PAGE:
Fighting Back Against Cancer — and Having Fun

Fighting Back Against Cancer — and Having Fun

Vienna Relay for Life on June 3 and 4 will try to match last year's success.

Last year's Vienna Relay for Life was a record-breaking event, and organizers are expecting this year's relay to be a repeat performance.

Relay for Life is the signature fund-raising event for the American Cancer Society, which asks that first-year relays raise a minimum of $20,000. Last year, Vienna's first-ever relay raised over $450,000, making it the highest-earning rookie event in the history of the American Cancer Society.

The previous record-holder, said Nikkii Greenleaf, the Vienna relay's staff partner at the Cancer Society, was a relay in Pennsylvania that raised nearly $300,000.

"A first-year relay usually raises, depending on the size of the community, $35,000 to $150,000," said Greenleaf. "So this was very, very extraordinary." Most relays, she said, earn about $120,000.

"Basically, it was a few people in the community who really wanted to see this happen," said Greenleaf. "If you've heard of this event, then you've heard of Stacy Capra," she added.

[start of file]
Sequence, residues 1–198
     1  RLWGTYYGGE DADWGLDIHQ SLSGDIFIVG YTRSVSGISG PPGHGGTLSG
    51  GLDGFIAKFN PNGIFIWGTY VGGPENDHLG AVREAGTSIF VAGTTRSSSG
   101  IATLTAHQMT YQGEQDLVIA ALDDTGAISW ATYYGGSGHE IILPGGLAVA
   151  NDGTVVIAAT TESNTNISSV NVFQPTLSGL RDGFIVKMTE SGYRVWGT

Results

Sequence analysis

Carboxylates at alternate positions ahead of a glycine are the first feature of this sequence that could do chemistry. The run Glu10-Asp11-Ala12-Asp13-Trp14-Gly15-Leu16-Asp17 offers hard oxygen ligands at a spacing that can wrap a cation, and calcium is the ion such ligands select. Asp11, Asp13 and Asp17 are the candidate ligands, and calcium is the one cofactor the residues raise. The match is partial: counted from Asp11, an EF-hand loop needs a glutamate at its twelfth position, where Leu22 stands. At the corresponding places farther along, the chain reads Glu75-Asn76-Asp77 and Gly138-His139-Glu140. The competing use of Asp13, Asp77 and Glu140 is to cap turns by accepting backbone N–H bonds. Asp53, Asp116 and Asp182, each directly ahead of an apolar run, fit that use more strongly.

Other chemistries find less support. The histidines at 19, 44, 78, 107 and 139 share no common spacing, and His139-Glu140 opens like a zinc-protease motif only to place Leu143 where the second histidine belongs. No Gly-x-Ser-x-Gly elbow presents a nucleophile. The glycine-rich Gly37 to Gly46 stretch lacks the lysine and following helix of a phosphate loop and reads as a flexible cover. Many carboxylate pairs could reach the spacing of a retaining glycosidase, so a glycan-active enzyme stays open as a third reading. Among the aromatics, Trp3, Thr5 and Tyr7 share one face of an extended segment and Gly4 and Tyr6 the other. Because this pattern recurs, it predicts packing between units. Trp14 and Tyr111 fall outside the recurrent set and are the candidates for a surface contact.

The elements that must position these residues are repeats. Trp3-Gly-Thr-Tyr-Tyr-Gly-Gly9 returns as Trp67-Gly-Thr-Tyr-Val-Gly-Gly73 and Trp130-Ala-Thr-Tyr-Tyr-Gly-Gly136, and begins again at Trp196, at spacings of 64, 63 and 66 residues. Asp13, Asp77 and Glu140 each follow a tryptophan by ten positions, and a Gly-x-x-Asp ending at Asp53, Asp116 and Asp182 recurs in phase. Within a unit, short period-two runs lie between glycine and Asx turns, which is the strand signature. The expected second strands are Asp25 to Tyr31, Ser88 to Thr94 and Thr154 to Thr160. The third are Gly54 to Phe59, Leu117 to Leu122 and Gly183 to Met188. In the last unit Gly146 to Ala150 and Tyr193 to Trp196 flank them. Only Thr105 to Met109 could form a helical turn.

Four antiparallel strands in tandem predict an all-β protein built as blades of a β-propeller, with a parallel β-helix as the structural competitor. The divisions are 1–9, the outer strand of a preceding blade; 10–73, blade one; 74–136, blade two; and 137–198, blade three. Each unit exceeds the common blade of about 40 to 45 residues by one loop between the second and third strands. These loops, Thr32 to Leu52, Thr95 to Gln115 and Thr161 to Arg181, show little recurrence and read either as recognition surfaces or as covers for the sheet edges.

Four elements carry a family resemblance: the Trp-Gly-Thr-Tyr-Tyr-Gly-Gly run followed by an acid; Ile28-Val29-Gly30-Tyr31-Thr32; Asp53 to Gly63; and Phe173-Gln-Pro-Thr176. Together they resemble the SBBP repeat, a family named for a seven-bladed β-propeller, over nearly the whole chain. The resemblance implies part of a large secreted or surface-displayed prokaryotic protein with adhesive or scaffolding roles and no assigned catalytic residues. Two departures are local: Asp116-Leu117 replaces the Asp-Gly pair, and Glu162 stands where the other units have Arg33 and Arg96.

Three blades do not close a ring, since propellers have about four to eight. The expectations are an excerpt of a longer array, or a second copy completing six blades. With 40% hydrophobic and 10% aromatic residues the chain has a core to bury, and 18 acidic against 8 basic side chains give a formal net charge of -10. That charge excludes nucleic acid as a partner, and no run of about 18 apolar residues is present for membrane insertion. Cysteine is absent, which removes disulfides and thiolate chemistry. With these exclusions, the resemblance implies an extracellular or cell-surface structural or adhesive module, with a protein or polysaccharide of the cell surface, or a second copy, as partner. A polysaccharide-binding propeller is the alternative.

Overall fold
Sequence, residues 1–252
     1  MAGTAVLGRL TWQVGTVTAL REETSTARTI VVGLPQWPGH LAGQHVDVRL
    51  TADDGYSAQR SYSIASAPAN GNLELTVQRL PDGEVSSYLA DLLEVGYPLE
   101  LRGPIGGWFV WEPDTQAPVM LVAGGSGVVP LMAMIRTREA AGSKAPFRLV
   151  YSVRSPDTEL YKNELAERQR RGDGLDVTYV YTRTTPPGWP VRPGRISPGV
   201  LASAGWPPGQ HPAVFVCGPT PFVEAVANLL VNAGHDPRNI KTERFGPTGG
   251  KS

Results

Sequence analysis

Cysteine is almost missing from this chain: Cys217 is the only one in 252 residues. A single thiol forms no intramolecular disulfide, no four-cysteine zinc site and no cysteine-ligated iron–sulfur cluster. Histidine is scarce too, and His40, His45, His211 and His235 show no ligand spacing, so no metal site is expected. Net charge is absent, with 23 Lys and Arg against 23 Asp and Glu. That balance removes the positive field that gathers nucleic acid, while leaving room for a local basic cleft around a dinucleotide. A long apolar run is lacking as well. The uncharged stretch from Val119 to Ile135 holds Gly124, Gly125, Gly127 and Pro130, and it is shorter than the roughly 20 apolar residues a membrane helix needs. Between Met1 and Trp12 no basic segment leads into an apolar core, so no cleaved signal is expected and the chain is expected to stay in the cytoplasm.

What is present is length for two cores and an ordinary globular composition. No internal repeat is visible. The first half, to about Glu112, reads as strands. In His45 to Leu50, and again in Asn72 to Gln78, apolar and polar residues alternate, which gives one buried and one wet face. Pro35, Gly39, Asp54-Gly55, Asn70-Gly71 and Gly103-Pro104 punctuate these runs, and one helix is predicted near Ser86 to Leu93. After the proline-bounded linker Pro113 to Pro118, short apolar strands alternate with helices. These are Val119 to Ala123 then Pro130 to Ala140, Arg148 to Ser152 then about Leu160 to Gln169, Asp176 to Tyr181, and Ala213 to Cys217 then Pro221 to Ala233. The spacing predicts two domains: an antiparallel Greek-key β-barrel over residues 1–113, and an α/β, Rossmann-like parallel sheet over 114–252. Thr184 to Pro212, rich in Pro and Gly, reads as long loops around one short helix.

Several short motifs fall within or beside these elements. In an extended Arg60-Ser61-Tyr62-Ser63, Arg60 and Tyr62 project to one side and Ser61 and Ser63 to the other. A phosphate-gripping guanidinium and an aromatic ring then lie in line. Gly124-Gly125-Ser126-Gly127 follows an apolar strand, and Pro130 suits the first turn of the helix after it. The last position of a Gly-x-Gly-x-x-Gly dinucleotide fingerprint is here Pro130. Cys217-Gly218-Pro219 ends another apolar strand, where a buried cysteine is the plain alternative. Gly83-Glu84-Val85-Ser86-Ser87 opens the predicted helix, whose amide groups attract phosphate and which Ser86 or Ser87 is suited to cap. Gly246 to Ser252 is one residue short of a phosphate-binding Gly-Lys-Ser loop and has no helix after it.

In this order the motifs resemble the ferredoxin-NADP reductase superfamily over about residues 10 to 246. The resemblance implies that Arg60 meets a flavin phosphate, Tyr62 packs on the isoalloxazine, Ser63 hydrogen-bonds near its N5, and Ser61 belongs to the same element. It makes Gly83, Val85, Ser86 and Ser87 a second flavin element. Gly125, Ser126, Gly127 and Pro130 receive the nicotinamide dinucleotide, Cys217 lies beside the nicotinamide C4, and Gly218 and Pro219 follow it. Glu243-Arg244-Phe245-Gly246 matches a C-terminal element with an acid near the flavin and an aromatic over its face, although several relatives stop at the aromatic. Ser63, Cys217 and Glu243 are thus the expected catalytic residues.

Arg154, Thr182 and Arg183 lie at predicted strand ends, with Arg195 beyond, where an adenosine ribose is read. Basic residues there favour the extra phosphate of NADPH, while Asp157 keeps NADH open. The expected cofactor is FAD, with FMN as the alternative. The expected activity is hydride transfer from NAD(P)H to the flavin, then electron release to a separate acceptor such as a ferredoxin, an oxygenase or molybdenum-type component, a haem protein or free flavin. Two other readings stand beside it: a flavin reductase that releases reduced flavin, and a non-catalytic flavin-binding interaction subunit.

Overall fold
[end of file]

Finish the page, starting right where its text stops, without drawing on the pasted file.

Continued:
In 2001, Capra approached the American Cancer Society, asking why there was no relay in Vienna. She had recently been diagnosed with breast cancer, and her father had been diagnosed with a brain tumor the year before.

"I guess I kind of felt the need to fight back that day," said Capra. She immediately offered to chair such an event but was talked into first participating in a relay or two while she finished her treatment. In the meantime, the former teacher began making the rounds of local schools, talking about the importance of self-examination and recruiting teams for other relays in the area.

After her father succumbed to cancer, Capra said, she had set a goal for herself to raise $100,000 for cancer research. She called this the Thomas Promise in honor of her father, James Lloyd Thomas.

SHE HAS KEPT TRACK of the money raised by teams she recruited and says she reached her goal in 2003. In 2004, she began her work as co-chair of last year's Vienna relay. If this year's relay earns $350,000, the Thomas Promise will break $1 million, she said.